The separation is not unit versus integration test. The separation is fast versus slow tests.
How you organize these tests to make them easier to run is really up to you. Separate folders is a good start, but other annotations like traits or
[Fact] can work just as well.
I think there is a fundamental misconception here about what constitutes an integration test and a unit test. The beginning of Flater's answer gives you the differences between the two (and yes, sadly, I'm going to quote an answer already on this question)
The difference between unit tests and integration tests is that they test different things. Very simply put:
- Unit tests test if one thing does what it's supposed to do. ("Can Tommy throw a ball?" or "Can Timmy catch a ball?")
- Integration tests test if two (or more) things can work together. ("Can Tommy throw a ball to Timmy?")
And some supporting literature from Martin Fowler:
Integration tests determine if independently developed units of software work correctly when they are connected to each other. The term has become blurred even by the diffuse standards of the software industry, so I've been wary of using it in my writing. In particular, many people assume integration tests are necessarily broad in scope, while they can be more effectively done with a narrower scope.
(emphasis, mine). Later on he elaborates on integration tests:
The point of integration testing, as the name suggests, is to test whether many separately developed modules work together as expected.
With regard to the "narrower scope" of integration testing:
The problem is that we have (at least) two different notions of what constitutes an integration test.
narrow integration tests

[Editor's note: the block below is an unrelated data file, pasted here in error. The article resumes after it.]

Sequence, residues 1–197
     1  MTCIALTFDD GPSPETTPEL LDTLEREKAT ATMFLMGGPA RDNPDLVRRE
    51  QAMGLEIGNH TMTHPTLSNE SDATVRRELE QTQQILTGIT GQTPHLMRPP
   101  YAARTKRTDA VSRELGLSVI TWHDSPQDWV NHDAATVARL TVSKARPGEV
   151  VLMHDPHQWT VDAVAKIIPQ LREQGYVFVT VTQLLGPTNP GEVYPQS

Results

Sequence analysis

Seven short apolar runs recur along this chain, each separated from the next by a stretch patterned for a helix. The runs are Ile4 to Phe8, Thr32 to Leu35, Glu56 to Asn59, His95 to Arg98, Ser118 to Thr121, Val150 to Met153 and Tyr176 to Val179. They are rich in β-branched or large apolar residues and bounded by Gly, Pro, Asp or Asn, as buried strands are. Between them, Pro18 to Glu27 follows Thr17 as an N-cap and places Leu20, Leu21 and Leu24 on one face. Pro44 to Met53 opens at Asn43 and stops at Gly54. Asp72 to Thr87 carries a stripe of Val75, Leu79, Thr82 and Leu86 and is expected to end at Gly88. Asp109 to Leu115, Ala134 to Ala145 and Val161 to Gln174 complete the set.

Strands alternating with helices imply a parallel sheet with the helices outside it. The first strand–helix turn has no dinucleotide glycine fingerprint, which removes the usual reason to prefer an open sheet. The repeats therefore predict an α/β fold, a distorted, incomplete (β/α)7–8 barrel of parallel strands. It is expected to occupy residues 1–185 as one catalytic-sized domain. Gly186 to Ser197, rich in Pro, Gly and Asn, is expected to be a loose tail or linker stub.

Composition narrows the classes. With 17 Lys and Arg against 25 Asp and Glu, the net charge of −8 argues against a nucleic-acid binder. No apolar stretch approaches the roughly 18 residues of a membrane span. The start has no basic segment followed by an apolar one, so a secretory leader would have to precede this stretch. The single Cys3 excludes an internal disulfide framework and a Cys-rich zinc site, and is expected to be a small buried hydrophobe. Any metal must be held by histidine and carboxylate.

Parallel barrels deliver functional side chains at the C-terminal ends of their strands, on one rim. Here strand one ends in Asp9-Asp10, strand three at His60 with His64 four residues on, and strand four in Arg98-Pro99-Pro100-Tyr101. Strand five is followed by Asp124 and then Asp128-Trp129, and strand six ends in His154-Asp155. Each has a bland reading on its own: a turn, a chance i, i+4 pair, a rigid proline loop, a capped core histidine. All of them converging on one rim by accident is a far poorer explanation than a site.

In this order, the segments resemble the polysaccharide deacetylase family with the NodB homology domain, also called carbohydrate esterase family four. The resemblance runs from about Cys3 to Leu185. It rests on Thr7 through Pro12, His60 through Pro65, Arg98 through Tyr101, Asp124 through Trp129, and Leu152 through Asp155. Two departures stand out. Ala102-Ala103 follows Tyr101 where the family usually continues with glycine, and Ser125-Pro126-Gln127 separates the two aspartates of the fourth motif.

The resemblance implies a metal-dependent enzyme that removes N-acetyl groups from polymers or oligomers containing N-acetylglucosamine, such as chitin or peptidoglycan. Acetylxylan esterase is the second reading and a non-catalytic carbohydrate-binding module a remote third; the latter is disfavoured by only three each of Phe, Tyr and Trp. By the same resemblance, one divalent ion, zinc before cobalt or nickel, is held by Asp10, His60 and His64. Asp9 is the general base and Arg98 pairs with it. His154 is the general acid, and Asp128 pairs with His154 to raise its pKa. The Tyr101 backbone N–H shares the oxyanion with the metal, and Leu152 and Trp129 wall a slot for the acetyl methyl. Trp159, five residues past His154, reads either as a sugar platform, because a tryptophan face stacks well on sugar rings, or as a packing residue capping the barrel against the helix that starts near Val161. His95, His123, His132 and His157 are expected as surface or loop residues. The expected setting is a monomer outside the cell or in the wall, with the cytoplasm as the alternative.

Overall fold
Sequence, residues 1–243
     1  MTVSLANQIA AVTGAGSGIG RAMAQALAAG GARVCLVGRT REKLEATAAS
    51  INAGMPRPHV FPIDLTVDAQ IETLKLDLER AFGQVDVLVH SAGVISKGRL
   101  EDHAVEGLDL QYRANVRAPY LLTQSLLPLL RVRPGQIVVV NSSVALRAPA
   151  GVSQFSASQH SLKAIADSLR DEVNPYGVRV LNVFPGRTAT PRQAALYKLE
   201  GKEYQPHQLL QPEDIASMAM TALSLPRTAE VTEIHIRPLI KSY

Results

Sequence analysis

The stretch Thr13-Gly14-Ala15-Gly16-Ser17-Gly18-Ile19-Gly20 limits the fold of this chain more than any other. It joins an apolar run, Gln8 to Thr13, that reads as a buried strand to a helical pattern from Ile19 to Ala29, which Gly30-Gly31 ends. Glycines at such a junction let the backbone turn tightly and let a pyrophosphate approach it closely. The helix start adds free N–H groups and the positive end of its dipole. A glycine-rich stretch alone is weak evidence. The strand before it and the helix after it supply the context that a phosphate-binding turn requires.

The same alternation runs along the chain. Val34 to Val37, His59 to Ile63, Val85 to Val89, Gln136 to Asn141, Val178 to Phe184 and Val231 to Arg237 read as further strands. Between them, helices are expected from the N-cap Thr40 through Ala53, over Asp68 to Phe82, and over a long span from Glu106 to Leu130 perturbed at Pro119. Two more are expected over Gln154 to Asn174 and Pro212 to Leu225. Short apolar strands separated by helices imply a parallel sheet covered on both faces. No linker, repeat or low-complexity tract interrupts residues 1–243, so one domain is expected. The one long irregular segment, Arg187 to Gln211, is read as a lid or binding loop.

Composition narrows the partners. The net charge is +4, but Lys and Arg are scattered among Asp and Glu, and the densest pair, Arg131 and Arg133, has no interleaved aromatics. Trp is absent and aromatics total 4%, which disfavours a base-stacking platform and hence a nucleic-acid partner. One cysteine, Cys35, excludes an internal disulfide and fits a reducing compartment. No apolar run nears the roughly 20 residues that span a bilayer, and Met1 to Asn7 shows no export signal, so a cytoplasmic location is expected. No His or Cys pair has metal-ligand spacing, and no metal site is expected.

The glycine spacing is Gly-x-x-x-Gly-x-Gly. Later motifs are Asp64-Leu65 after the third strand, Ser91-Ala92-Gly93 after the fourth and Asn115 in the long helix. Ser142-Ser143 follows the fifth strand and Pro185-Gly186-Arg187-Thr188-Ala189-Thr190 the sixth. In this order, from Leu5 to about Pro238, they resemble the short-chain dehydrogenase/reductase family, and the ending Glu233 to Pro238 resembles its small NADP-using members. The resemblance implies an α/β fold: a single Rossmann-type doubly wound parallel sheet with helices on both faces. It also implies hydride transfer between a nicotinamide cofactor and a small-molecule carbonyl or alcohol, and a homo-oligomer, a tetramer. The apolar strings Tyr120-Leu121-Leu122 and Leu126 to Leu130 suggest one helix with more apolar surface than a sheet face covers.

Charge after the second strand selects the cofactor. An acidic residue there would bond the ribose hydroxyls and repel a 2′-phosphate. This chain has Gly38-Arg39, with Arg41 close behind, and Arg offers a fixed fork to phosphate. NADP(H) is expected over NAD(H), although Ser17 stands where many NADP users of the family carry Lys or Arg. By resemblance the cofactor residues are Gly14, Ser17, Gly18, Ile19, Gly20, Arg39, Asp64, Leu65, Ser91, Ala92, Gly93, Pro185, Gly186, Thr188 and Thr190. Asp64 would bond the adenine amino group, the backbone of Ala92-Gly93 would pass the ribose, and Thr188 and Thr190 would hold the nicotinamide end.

- exercise only that portion of the code in my service that talks to a separate service
- uses test doubles of those services, either in process or remote
- thus consist of many narrowly scoped tests, often no larger in scope than a unit test (and usually run with the same test framework that's used for unit tests)
broad integration tests
- require live versions of all services, requiring substantial test environment and network access
- exercise code paths through all services, not just code responsible for interactions
Now we start getting to the root of the problem: an integration test can execute quickly or slowly.
If the integration tests execute quickly, then always run them whenever you run unit tests.
If the integration tests execute slowly, because they need to interact with outside resources like the file system, databases or web services then those should be run during a continuous integration build, and run by developers on command. For instance, right before code review run all of the tests (unit, integration or otherwise) that apply to the code you have changed.
This is the best balance between developer time and finding defects early on in the development life cycle.